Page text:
Human Rights activist and Senior Advocate of Nigeria (SAN), Mr. Femi Falana has stated that the13.2 million children roaming around the streets across the country are potential recruits for terrorism, kidnapping and other social menace.
Falana made this remarks on Wednesday while speaking as the chairman at the public presentation of a book, ‘Tolu’s October 1st Birthday’ and symposium titled ‘Indigenous Culture and the Nigerian Child’ in Lagos.
Falana attributed the worrisome social menace and terrorism ravaging Nigeria to the fading cultural and educational values.
He said the dearth of culture and low quality of education in Nigeria was due to the lack of funding and neglect of public schools, which have led to total collapse of these schools.
“ Today, we are battling with 13.2 million children roaming around the streets and 60 million of them are illiterates. This is as a result of lack of culture and the low quality education in Nigeria. It is very easy for the Boko Haram, armed robbers, terrorist and kidnappers to recruit them. “These children won’t make it impossible for all us to sleep well. The population of these children is the largest in the world. The population is higher than the population of Cuba and many other countries in Africa, whereas children in China and European countries are already in schools using computer to learn and develop their knowledge,” Falana explained.
He said that in the next 20 years, Nigerian children will be competing with what the children in China and European countries are learning at the moment.
“It is a shame we are encountering such challenges. We must ensure we intervene and be determined to preserve our culture and fund our education.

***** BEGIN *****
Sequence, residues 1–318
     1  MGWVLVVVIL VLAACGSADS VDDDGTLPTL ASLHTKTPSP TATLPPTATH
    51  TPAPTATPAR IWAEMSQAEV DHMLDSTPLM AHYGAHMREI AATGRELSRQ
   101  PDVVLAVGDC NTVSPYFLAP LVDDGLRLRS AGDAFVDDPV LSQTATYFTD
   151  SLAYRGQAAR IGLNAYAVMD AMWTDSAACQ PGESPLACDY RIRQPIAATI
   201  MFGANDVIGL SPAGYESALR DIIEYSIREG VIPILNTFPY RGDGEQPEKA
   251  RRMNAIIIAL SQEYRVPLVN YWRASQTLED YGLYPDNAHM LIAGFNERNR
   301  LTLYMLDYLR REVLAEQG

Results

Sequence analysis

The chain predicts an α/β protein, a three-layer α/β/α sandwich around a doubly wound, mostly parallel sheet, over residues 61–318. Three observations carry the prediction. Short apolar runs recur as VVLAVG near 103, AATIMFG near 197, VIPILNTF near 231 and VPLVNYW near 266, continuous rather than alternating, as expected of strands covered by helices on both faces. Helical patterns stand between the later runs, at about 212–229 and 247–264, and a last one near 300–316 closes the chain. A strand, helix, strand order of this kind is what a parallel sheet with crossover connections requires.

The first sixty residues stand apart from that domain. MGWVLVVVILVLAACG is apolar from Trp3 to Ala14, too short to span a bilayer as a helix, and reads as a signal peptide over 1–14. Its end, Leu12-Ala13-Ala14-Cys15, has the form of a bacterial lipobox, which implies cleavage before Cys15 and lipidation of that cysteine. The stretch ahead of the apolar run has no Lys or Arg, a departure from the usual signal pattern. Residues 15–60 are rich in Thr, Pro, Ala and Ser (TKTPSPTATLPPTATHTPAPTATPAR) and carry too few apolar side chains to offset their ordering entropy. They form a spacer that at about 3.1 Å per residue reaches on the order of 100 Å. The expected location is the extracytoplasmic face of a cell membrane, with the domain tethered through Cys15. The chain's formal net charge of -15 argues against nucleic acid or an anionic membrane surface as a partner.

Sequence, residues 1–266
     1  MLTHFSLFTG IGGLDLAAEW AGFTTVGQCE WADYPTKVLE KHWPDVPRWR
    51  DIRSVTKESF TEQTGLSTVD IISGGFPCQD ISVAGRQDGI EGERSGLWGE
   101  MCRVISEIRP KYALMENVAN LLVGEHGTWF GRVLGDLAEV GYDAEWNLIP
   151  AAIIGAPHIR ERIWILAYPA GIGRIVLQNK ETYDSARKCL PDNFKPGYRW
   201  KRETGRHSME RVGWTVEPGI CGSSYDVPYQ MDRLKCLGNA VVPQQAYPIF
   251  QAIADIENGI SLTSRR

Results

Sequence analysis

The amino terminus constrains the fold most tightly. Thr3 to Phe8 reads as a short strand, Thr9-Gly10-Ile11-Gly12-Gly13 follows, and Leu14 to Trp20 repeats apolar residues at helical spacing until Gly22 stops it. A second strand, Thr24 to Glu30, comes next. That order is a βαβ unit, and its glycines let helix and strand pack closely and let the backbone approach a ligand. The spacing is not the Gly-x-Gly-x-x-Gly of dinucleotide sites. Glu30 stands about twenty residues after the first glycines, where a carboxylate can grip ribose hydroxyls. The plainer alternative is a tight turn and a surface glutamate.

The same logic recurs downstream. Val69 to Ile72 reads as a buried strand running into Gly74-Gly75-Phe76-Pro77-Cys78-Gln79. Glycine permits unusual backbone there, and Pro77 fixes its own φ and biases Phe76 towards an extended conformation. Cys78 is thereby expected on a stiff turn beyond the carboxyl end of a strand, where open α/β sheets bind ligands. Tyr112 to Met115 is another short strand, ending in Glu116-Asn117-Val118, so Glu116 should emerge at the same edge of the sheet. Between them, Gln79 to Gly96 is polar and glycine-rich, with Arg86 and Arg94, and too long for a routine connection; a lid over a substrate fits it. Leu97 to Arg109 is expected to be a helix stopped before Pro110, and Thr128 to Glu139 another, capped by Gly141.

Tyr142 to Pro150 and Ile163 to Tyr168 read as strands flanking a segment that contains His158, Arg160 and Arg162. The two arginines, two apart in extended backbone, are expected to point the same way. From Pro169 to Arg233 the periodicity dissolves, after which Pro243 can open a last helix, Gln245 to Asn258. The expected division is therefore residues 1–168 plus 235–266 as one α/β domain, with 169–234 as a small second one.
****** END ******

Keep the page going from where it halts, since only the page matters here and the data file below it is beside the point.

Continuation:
“The elites and government officials have abandoned public schools and have allowed them to collapse. We took our children out from public schools where culture can be learned and put them in private schools. This is a dilemma we are facing as a country. Frontline countries like America, Israel, China Japan and other developed countries don’t rely on oil. They rely on knowledge. Knowledge builds economy. It’s through administration of good culture and knowledge our country can develop and thereby make advancement”.
The Special Guest of Honour was Chair, Oba Sikiru Adetona Professorial Chair in Governance, Prof. Ayo Olukotun, while book reviewer was acting Editor, Saturday Independent, Mr. Yemi Adebisi.
In his speech, Olukotun lamented the decay of reading culture, lack of encouragement for creativity and fulfilling careers for the youths.
He noted that there is a need to encourage indigenous culture and to catch them young, through training before they mature. The book was written by a journalist, Grace Edema.
Other dignitaries at the events are, Prince Wale Oyekoya of Barma Farms, Mrs. Yinka Ogunde, Mr. Mojeed Jamiu, Mr. Olumide Iyanda, Mr. Peter Edema, Mr. Lekan Otufodurin, and Mr. Bolaji Adepegba.